The American Foundation for Suicide Prevention (AFSP) established a new chapter in North Carolina in May 2014. The Chapter raises awareness about suicide and its prevention through community events, Out of the Darkness walks, AFSP programs, and gatekeeper trainings. The Chapter plans to expand training opportunities around the state, make more resources available to people whose lives have been affected by suicide, bring AFSP’s Interactive Screening Program (ISP) to North Carolina campuses and communities, and collaborate with other organizations in continuing to build a grassroots advocacy network that promotes legislation and policies to prevent suicide and improve mental health.
For support groups in your area for those touched by suicide loss https://afsp.org/find-support/

2. Division of Mental Health, Developmental Disabilities and Substance Abuse Services (DMH/DD/SAS)
http://www.ncdhhs.gov/mhddsas/
The Division provides strategic and operational leadership and oversight to the public mental health, developmental disability and substance abuse service system. The Community Policy Management Section is primarily responsible for leadership, guidance and management of relationships with local management entities (LME/MCOs). LME/MCOs are where people go to find information on receiving mental health, developmental disability or substance abuse services. They are available 24 hours a day. LME/MCO by county: http://www.ncdhhs.gov/mhddsas/lmeonblue.htm. The Division also operates the Crisis Solutions Coalition, which works statewide to decrease the use of emergency departments and increase access to other services to help individuals resolve the crisis and get back to their homes, families, friends, and work. Learn more at http://crisissolutionsnc.org/.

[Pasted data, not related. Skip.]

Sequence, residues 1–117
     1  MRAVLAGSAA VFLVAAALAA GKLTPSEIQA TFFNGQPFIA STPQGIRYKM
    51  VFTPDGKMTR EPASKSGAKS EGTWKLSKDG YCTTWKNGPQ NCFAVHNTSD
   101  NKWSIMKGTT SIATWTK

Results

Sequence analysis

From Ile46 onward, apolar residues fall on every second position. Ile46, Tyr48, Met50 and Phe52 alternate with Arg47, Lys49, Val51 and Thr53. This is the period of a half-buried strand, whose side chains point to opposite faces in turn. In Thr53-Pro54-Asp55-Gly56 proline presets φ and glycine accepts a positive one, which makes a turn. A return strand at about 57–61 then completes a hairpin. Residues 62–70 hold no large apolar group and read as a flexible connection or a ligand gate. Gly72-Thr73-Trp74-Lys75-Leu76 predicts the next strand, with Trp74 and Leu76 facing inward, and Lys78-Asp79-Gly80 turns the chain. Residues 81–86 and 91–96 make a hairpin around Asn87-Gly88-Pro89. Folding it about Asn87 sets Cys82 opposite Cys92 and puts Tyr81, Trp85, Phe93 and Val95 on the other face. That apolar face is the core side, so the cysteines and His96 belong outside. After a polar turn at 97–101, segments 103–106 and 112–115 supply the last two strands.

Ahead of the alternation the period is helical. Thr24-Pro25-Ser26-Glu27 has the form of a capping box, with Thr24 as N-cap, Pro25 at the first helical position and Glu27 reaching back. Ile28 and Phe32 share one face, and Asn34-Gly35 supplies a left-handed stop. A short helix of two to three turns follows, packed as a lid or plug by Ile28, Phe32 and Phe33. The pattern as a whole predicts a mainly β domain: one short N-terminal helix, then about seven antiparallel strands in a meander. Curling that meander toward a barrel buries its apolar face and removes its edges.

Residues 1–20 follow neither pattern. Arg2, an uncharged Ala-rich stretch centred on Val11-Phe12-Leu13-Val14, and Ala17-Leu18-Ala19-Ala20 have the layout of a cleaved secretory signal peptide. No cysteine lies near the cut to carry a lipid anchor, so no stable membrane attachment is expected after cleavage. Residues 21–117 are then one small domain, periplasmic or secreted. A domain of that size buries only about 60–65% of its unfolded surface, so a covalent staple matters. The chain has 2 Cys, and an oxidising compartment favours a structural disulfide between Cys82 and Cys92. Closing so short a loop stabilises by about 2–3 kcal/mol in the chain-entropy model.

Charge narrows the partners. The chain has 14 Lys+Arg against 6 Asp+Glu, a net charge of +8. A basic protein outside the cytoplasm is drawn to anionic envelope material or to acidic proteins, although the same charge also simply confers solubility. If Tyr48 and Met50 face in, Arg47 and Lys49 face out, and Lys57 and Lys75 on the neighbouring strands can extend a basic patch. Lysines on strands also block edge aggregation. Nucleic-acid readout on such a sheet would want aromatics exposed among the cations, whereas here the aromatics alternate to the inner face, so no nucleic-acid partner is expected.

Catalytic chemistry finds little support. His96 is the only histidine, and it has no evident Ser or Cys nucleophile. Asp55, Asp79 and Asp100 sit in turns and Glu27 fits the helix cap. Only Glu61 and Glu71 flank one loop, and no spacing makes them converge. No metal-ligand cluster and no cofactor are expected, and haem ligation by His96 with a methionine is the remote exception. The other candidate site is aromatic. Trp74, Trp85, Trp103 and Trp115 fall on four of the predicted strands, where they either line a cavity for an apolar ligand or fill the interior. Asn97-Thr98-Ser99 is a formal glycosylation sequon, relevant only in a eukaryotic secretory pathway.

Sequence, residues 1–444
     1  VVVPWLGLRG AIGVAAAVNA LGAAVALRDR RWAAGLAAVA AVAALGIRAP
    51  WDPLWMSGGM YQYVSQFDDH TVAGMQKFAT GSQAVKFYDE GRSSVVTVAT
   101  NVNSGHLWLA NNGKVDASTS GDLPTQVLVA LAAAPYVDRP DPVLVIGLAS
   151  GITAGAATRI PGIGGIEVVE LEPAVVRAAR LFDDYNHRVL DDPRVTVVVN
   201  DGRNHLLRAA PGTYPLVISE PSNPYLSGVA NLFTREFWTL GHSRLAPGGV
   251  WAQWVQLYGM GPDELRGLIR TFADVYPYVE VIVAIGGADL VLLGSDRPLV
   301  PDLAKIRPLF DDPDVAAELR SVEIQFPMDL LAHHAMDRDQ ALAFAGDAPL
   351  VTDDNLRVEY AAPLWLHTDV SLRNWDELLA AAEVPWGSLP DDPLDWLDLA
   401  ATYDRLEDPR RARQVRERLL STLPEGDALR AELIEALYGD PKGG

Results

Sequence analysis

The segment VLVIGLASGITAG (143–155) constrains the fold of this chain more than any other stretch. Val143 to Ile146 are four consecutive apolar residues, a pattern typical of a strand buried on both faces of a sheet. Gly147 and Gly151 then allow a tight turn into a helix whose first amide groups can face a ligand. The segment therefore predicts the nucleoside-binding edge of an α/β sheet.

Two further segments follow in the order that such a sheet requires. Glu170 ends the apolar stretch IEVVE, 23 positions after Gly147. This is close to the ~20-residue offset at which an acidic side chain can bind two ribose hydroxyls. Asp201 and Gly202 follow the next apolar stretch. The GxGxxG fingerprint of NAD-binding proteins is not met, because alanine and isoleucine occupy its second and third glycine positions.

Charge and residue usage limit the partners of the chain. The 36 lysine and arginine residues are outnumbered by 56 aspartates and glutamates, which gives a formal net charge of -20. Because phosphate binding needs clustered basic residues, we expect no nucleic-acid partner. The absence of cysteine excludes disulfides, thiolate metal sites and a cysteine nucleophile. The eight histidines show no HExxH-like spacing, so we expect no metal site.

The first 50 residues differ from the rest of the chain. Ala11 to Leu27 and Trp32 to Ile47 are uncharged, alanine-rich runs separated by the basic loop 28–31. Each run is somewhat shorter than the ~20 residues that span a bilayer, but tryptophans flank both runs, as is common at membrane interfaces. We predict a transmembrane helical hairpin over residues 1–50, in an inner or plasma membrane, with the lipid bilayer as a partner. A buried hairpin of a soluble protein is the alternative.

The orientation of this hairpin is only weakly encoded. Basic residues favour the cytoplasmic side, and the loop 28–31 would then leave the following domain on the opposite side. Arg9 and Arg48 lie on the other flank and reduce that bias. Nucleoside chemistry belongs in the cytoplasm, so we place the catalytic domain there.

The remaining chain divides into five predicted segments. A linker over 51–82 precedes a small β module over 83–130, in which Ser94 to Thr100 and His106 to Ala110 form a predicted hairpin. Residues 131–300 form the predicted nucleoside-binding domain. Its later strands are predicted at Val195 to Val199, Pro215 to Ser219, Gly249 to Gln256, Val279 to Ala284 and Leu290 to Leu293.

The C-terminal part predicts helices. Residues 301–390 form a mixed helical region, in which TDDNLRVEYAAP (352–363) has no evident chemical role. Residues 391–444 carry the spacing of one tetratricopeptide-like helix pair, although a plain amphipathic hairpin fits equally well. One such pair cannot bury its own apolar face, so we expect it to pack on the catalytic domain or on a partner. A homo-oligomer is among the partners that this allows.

3. National Suicide Prevention Lifeline in North Carolina 1-800-273-8255

Home


Provides access to 24/7/365 crisis response services, such as screening, triage and referral; walk-in crisis; mobile crisis management teams; or facility based crisis services through the DMHDDSAS Local Management Entities/Managed Care Organizations (LME/MCOs).

4. North Carolina Division of Public Health, Injury and Violence Prevention Branch (IVPB)
http://www.injuryfreenc.ncdhhs.gov/ For fact sheets and reports this link to read burden of suicide in North Carolina.
“It’s OK 2 Ask” website and provides suicide prevention trainings to communities. The Injury and Violence Branch also provides data and surveillance for suicide.